Risk of bleeding with long-term antithrombotic therapies
DAPT vs. SAPT vs. OACReduce thrombotic complications
IVIG therapyKawasaki disease-related CAA
PCICovered StentExclusion of smaller CAA
Prevention of CAA rupture
Coronary flow restoration in case of ongoing ischemia
Lower risk or procedural complications/quick coronary flow restorationNo removal of CAA/risk of CAA rupture/endoleaks/stent malapposition/vessel occlusion
Double stent method
Self-expanding stents
Coil embolization ± stent-assisted
Cardiac surgeryResection/ligation/ marsupializationTreatment of larger/giant CAA at high risk of rupture or involving LMCA/proximal vessel Complete removal of CAA
Treatment of CAA/CAD unsuitable for PCI
Higher risk of procedural complications
CABGTreatment of concomitant obstructive CAD

Medical management

Medical management of CAA, especially in the absence of concomitant atherosclerotic coronary stenosis or thrombotic complications, is still being debated. The management of CAA in the setting of Kawasaki disease falls beyond the purposes of the present paper; however, intravenous administration of immunoglobulins at the early stages of the disease has been proven to positively impact prognosis[29,30]. In adult subjects with CAA, as for non-CAA patients, search for coronary artery disease risk factors should be pursued to modify or remove them, wherever possible.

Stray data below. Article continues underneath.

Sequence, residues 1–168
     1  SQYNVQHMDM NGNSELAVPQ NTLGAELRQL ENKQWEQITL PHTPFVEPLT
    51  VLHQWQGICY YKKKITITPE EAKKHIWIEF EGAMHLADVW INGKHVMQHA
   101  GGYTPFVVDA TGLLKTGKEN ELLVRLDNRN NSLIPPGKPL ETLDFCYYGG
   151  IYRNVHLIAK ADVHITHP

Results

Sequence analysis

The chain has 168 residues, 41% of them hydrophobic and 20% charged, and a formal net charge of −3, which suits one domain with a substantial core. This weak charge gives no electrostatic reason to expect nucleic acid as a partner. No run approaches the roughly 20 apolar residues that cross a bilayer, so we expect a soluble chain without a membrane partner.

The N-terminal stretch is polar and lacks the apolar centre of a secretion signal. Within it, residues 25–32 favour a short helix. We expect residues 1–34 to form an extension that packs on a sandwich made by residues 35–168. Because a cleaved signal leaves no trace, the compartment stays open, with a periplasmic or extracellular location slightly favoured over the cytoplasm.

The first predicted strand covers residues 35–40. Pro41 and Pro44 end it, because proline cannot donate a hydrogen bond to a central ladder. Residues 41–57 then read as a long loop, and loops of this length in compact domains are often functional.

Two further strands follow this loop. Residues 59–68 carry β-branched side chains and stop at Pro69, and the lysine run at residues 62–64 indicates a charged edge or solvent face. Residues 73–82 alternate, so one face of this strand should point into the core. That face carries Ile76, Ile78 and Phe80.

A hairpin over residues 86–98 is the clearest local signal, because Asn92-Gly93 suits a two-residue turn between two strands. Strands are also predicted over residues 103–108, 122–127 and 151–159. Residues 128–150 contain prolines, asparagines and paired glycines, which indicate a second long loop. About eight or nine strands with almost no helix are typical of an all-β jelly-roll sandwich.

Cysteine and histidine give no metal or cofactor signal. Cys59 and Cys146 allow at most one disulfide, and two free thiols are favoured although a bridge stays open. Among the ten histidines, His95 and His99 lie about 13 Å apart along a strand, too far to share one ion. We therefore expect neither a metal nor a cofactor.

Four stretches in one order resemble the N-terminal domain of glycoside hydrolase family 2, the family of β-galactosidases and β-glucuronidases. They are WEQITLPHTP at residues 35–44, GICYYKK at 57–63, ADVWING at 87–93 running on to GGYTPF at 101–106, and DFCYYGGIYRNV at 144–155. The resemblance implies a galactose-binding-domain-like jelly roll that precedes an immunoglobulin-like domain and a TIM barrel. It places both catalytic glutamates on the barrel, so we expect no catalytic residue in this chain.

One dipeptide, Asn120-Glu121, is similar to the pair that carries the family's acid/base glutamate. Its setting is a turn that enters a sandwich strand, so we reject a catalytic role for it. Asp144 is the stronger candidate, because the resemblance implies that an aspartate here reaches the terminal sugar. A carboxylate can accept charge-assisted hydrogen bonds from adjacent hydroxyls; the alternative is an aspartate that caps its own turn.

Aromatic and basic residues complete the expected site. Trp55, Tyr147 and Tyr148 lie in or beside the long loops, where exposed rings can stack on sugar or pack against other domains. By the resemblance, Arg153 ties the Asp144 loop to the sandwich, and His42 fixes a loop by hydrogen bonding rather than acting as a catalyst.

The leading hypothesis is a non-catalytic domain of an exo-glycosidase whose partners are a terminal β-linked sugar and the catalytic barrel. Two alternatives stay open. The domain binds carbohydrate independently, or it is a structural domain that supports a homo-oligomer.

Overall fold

Some Authors reported on the possible interplay of the renin-angiotensin-aldosterone system (RAAS) and inflammation on aneurysm development, advocating both RAAS modulation and statin therapy as potential strategies to prevent disease progression[31-34]. However, no formal recommendations can be provided, given the lack of prospective and high-quality evidence.

Regarding vasodilator administration, Kruger et al. demonstrated that nitroglycerin worsened myocardial ischemia and its effect was related to coronary artery diameters. Taken these data into account, nitrates are not recommended in case of significant aneurysmal coronary disease[19].

In patients with acute coronary syndromes or stable CAD undergoing PCI and stenting, antithrombotic management should follow the treatment guidelines for ischemic heart disease[35-37]. In the absence of clear indications for dual antiplatelet therapy (DAPT), there is no data from randomized clinical trials or large prospective cohort studies supporting anticoagulation or DAPT in patients with CAA; moreover, the available evidence from retrospective studies is discordant.

One study investigating the outcome of STEMI patients according to the presence of CAE showed an increased risk of major adverse cardiac events (MACE) in the CAE group. Interestingly, CAE patients on Warfarin achieving a percent time in target therapeutic range (%TTR) ≥ 60% experienced significantly less MACE, with respect to those not taking anticoagulant or with a %TTR < 60% (0% vs. 33%; P = 0.03)[38].